Live and Killed Vaccines

With last year’s H1N1 swine flu outbreak and this season’s whooping cough epidemics, vaccines, and their safety are on everyone’s mind. Should you get a live or killed virus vaccine? What is the difference, and what are the pros and cons of each? The following is a comparison summary of the different categories of vaccine available.

* Attenuated, Live Vaccines *

Vaccines that are considered attenuated contain modified live viruses (MLV) or other disease-causing microbes, that have been altered in a way that weakens them to the point that they are no longer virulent, and are unable to cause disease. Viruses are typically made avirulent, by using a virulent stain to infect laboratory tissue cultures and then having the viruses reproduce for many generations until they lose their ability to cause disease.

The pathogenic microbes in attenuated vaccines, although avirulent, must still be active, and able to replicate after inoculation so that they achieve adequate numbers to stimulate the body’s immune response.

Pros and Cons of Attenuated Live Vaccines:

* Advantage: Usually only one dose required.
* Advantage: Stimulates rapid immune response after inoculation.
* Advantage: The body’s immune response to the pathogen is stronger and lasts longer.
* Disadvantage: Although weakened, attenuated microbes may still have enough virulence to cause disease in immune compromised patients.
* Disadvantage: Rarely, attenuated microbes can revert to wild type, that are able to cause disease.

* Killed Inactivated Vaccines *

Inactivated vaccines contain microbes that have been treated by chemical or physical means to prevent them from replicating, or causing disease. Some inactivated vaccines contain the entire infectious agent (whole agent vaccines), while others include only antigenic parts of the microbe (subunit vaccines) that still stimulate the the body to launch and immune response.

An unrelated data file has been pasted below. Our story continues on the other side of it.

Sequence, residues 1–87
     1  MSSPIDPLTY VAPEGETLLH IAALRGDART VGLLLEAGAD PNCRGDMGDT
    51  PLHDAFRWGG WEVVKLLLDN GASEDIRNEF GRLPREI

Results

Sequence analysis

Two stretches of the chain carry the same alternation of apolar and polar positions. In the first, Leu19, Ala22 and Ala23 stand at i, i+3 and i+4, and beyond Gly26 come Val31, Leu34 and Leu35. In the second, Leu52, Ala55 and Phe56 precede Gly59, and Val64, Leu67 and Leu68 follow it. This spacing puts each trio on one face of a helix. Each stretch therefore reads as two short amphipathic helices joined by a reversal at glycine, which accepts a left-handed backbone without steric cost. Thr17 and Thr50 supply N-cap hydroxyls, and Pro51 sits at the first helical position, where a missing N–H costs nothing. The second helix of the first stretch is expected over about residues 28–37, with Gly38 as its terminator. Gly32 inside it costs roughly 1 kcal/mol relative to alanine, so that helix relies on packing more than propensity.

Pro and Cons of Inactivated Vaccines:

* Advantage: Safer because there is no risk of the infectious agent replicating or reverting to a virulent form.
* Advantage: Recommended for immune compromised and pregnant patients.
* Disadvantage: Antigenically weak; several booster vaccines may be needed to achieve complete immunity.
* Disadvantage: In whole agent vaccines, the nonantigenic portions of the microbe may result in a painful inflammatory response in some individuals.

* Toxoid Vaccines *

This type of vaccine is used to inoculate against some bacterial diseases, in which the bacterium produces a toxin. These vaccines contain a modified toxin produced by the microbe in question, which initiates an immune response in the person vaccinated. Like subunit inactivated vaccines, toxoid vaccines are generally safer than attenuated live vaccines, but induce a weaker immune response, so require multiple doses.

* Difference Between the Flu Mist and Injection *

This flu season, there will be two types of flu vaccines available. The flu injectable vaccine is made with inactivated, “killed” influenza viruses. In contrast, the mist contains an attenuated or weakened virus. The CDC indicates that the safety and efficacy data for both formulations of vaccine-nasal spray and injection-are very comparable

To learn more about general immunization schedules and seasonal influenza vaccination, see the information on the Center for Disease Control’s (CDC’s) official website.

* Sources *

Bauman, R. (2004) Microbiology, Pearson Benjamin Cummings.

Center for Disease Control (CDC), H1N1 Flu Web Pages, updated as of October 9, 2009.

National Public Radio, Diane Rehm Show, H1N1 Vaccine Plans, aired on October 7, 2009.

Please note: The information in this article is not intended as medical advice. Please consult your physician provider regarding your own personal health and necessary treatments. This article was first published in Suite101 online magazine.